This valley was born from the union of small streams in the highlands that were born in the Andes Mountains and feed water to the Salar de Atacama, providing fresh water to Toconao which allows the cultivation of a variety of plant species, of these the most produced are apricots, peaches, quinces, plums, pomegranates, water pears, grapes, figs, oranges, among others. It also has native species such as molle bell pepper, carob and chañar, as well as species that have been introduced for a long time, such as eucalyptus and poplar, widely used in construction.

The valley is cultivated by a large number of orchards belonging to the families of the first stumps, who spent long hours working the land and irrigating their properties with flood systems, by channeling water. But in the year 2012 a large alluvial flood descended through the ravine destroying a large part of the valley and modifying the course of the river, however the resilience of the stumps is enormous and today they rise thanks to their organization to continue producing in this fertile valley.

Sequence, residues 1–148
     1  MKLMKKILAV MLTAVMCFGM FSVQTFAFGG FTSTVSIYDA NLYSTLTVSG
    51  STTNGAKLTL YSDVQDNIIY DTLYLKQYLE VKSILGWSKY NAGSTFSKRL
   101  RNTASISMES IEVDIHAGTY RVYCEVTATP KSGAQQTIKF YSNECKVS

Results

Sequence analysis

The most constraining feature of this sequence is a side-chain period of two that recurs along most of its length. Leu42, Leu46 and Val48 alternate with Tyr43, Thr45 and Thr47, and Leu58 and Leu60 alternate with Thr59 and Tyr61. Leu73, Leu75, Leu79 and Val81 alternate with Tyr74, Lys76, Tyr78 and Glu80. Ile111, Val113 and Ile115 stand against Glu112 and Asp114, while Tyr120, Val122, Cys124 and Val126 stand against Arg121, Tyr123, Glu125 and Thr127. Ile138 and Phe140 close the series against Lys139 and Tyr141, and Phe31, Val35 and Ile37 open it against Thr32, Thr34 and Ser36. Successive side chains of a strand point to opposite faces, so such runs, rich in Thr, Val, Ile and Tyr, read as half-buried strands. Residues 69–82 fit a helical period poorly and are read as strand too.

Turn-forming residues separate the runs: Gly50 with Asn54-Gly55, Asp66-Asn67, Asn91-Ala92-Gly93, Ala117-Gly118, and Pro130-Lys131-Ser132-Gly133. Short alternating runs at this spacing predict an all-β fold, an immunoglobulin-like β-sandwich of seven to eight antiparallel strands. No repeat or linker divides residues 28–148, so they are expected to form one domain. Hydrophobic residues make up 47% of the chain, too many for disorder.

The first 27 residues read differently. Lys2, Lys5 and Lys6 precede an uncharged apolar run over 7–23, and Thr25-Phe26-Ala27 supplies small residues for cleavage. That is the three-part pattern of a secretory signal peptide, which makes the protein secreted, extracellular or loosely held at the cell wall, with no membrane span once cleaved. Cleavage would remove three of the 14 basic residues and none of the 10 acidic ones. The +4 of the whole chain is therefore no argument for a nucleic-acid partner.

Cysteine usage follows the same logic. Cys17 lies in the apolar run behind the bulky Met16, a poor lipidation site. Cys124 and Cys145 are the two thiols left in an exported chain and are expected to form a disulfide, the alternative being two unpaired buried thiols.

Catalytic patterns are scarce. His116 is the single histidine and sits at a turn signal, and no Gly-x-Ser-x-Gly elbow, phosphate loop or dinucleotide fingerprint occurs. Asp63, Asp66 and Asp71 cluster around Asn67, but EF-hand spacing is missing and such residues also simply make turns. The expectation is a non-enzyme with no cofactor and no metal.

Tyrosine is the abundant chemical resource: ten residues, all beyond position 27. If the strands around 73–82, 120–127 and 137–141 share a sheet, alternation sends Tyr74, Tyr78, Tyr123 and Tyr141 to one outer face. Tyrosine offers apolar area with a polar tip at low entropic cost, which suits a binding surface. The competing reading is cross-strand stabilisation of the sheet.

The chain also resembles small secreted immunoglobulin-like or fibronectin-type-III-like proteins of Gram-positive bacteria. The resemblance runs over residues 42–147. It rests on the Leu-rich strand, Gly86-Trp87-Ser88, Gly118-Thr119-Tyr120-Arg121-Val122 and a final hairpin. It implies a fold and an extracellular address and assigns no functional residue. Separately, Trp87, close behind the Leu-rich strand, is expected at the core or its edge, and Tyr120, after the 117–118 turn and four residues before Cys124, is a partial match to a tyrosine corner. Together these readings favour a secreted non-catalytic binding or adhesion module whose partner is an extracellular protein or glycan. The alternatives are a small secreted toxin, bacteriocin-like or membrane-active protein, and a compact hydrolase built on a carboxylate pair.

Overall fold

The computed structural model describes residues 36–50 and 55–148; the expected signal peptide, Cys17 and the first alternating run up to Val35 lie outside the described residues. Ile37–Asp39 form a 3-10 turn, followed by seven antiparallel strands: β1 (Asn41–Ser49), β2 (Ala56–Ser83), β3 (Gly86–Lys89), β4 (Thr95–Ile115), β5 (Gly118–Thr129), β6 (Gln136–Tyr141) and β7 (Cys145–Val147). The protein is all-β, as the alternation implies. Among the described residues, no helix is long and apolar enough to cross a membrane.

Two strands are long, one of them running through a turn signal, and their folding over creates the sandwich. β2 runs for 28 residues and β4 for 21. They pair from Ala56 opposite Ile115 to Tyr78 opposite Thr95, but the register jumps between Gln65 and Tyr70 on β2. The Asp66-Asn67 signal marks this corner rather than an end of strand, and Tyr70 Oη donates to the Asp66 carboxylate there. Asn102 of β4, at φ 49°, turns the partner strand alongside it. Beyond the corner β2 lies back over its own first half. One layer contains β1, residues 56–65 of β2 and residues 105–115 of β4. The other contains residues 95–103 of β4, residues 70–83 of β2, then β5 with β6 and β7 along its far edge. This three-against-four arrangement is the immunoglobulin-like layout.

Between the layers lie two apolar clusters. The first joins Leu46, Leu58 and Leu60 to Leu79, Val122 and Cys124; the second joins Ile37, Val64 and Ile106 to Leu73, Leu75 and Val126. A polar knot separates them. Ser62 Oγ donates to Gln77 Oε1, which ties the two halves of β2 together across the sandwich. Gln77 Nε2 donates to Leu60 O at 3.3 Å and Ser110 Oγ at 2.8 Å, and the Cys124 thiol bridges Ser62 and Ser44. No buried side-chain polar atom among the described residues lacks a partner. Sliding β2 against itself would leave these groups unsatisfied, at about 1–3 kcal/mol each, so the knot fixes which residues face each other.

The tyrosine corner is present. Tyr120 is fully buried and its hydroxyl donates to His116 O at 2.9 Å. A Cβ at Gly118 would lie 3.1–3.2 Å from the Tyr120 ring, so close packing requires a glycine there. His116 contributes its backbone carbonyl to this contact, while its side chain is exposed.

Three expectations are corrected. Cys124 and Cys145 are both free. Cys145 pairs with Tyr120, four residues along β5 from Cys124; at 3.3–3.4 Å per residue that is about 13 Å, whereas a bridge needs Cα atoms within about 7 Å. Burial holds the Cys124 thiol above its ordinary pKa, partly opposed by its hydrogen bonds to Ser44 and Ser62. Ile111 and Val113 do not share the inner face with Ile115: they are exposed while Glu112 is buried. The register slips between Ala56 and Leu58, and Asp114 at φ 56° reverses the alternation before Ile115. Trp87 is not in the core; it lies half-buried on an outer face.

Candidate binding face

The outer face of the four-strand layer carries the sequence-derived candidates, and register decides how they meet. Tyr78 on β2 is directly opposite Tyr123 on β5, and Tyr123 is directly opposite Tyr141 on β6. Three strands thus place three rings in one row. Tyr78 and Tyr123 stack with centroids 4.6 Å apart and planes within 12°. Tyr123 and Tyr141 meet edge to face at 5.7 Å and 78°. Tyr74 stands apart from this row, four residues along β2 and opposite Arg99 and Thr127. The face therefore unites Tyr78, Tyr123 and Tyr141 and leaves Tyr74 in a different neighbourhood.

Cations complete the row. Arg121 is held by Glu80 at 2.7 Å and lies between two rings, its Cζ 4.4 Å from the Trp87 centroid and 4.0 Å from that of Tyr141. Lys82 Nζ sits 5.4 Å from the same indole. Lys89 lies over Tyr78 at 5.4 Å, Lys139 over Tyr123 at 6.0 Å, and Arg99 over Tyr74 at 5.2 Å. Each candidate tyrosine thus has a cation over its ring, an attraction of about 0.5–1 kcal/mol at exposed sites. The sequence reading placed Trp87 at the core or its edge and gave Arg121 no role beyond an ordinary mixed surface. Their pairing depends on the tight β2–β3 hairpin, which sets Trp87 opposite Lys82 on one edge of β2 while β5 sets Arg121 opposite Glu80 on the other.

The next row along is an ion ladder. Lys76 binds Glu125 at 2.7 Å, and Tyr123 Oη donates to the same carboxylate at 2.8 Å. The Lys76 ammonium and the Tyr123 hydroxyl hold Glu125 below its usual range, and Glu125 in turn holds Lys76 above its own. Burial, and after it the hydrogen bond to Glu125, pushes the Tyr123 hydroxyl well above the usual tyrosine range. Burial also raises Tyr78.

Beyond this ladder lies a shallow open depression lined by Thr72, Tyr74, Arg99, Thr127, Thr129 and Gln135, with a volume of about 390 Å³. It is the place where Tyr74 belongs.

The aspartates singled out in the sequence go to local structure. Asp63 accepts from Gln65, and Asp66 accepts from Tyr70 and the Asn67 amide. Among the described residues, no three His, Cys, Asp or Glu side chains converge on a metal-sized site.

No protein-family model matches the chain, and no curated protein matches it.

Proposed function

Part of the Andean cosmovision and its ancestral history is related to pictography, petroglyphs and geoglyphs used by the ancestors as instruments of demarcation and expression, intimately related to their way of life. This is how we can find engravings on stones, shelters or utilitarian sites linked to the manufacture of hunting tools, smelting materials, associated with rituals such as rogations, invitations and payments to mother earth, practiced to this day.

The trojas de Jere are known to have been used by the ancient inhabitants to store and protect their food from inclement weather, being used as a form of handmade refrigeration of the products obtained in the ravine, which includes a process of burying the food with fine, clean sand, lasting up to 6 months in storage.

This great green lung in the middle of the Atacama Desert, allows a beneficial microclimate to the area, besides giving its visitors its great extension and beauty to walk around it all day long.

Book Jere Valley